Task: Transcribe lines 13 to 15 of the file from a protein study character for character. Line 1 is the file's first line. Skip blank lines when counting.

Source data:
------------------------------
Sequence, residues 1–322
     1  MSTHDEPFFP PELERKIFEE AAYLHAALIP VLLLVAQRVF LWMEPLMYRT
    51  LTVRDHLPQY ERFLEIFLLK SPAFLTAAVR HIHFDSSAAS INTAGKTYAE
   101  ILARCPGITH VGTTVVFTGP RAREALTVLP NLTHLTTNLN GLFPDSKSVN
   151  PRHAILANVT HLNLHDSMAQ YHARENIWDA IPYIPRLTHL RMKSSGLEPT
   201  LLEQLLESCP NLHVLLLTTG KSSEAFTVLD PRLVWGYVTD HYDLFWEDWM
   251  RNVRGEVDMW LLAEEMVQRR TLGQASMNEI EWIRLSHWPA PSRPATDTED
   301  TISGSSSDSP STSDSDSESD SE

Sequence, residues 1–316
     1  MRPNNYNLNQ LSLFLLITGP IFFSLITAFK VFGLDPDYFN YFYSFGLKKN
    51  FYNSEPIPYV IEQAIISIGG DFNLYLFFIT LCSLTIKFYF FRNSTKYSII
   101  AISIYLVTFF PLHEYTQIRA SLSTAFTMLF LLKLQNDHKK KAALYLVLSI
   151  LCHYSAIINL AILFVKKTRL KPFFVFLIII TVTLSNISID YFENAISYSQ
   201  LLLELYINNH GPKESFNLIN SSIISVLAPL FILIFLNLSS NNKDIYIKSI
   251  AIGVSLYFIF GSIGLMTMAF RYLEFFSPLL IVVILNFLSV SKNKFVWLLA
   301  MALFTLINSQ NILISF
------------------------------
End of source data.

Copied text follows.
   151  LCHYSAIINL AILFVKKTRL KPFFVFLIII TVTLSNISID YFENAISYSQ
   201  LLLELYINNH GPKESFNLIN SSIISVLAPL FILIFLNLSS NNKDIYIKSI
   251  AIGVSLYFIF GSIGLMTMAF RYLEFFSPLL IVVILNFLSV SKNKFVWLLA